Sample Business Studies Paper on Deontological Ethics
Elizabeth Holmes was labeled the next Steve Jobs because at 19 she dropped out of Stanford University and founded a biotech startup Theranos, which was then called Real-Time Cures. Theranos promised that with just “a single finger prick,” the blood analyzer could inexpensively detect a wide range of health conditions from cancer to diabetes. Holmes’ charismatic stage presence captivated investors who helped her raise more than $700 million. She was featured on magazine covers and was touted as the world’s youngest self-made female billionaire. The only problem was that her Edison blood analyzer never actually worked, and the company was running most blood tests on the machines of other firms.
In 2013, the company partnered with Walgreens. Theranos vastly exaggerated its revenues, telling investors that it would generate $100 million in 2014; the actual figure was barely $100,000. Holmes was exposed for faking data and lying to cover up the fraud. She had to pay fines to the Securities Exchange Commission, and now she faces criminal charges stemming from allegations that she and former Theranos president Sunny Balwani engaged in a scheme to defraud investors. In September 2018, her $9 billion company shut down.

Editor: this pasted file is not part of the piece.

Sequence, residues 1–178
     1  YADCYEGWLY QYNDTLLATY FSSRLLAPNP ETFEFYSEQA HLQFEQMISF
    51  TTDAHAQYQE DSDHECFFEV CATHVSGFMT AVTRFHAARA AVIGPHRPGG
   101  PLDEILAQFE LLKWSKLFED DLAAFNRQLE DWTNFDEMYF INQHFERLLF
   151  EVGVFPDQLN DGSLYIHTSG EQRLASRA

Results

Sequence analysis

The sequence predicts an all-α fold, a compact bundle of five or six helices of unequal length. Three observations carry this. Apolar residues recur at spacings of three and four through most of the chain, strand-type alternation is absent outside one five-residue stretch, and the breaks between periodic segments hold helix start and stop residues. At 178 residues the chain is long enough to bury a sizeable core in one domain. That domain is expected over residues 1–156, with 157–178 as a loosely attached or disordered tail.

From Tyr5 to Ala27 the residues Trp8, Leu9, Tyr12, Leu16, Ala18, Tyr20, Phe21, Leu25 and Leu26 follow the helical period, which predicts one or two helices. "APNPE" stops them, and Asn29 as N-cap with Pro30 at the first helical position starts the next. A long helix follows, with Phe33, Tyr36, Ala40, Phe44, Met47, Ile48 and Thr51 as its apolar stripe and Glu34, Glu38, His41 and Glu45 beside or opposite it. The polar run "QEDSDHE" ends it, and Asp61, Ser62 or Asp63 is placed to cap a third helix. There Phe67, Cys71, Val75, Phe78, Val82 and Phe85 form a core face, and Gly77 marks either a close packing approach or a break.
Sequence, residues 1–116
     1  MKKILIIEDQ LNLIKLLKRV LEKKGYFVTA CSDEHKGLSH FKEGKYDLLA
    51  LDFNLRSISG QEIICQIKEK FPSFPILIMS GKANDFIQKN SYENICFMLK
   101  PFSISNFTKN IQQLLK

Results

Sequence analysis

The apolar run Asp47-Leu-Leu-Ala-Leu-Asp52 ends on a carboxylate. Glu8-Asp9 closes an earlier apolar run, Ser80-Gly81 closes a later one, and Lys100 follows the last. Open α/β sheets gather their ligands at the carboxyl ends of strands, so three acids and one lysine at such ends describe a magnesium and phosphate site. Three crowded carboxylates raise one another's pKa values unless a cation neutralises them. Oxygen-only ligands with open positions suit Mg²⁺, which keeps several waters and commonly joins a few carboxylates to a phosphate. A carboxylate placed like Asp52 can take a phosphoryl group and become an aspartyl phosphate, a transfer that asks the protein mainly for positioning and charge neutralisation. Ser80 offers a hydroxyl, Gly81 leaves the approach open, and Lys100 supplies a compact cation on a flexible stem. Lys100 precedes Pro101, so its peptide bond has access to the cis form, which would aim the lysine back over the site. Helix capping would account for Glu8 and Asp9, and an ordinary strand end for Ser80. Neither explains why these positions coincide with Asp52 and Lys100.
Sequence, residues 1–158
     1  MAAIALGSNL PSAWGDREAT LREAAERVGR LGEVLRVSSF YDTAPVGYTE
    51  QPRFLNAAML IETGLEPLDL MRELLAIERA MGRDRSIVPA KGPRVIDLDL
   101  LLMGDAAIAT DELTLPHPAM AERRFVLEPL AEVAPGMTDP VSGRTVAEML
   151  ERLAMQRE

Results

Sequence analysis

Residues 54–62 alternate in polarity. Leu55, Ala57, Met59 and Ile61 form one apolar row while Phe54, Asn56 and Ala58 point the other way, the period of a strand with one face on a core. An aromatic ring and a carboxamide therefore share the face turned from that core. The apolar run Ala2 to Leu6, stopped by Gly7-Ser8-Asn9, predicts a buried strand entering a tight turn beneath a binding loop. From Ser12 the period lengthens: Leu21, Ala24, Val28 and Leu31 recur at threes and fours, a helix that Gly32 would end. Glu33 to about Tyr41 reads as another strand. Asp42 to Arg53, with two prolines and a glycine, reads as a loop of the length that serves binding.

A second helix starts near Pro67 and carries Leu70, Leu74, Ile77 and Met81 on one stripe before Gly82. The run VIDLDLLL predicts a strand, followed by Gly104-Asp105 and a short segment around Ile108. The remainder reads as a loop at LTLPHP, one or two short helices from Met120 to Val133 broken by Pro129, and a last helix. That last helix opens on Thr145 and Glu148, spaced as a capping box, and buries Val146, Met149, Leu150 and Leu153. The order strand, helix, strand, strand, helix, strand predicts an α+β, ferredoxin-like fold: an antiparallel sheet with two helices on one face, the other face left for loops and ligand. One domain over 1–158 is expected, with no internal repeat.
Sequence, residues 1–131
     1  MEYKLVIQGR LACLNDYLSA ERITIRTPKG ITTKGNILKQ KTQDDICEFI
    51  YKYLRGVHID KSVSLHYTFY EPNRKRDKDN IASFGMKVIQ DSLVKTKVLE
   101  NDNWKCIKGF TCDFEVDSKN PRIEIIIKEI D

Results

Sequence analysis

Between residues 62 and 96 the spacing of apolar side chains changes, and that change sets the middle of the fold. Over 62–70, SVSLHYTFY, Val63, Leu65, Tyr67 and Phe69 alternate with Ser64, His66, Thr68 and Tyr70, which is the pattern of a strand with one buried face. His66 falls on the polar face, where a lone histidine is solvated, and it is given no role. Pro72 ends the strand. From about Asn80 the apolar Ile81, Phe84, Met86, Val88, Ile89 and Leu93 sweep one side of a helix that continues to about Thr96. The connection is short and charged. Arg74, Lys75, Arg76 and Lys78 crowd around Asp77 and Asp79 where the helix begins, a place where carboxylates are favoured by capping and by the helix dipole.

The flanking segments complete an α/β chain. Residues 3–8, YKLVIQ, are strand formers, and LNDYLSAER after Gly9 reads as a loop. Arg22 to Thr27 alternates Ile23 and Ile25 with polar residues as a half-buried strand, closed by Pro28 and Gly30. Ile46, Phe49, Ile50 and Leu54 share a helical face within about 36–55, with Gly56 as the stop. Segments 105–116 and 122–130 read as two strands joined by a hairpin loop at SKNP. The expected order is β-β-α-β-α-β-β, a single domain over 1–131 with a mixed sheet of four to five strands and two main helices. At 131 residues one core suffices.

Using Kant’s categorical imperative, what would deontologists conclude about Holmes’ motives and actions? Who was lied to or disrespected? What duties did Holmes and her company have to the various stakeholders? Use concrete examples to help support your reasoning.
Brez, S. (2019, July 9). Somewhere over Theranos–There’s no place like Holmes. Retrieved from https://www.corporatecomplianceinsights.com/theranos-holmes/
Hartmans, A., & Leskin, P. (2019, June 28). The rise and fall of Elizabeth Holmes, who started Theranos when she was 19 and became the world’s youngest female billionaire but will now face a trial over “massive fraud” in July 2020. Retrieved from https://www.businessinsider.com/theranos-founder-ceo-elizabeth-holmes-life-story-bio-2018-4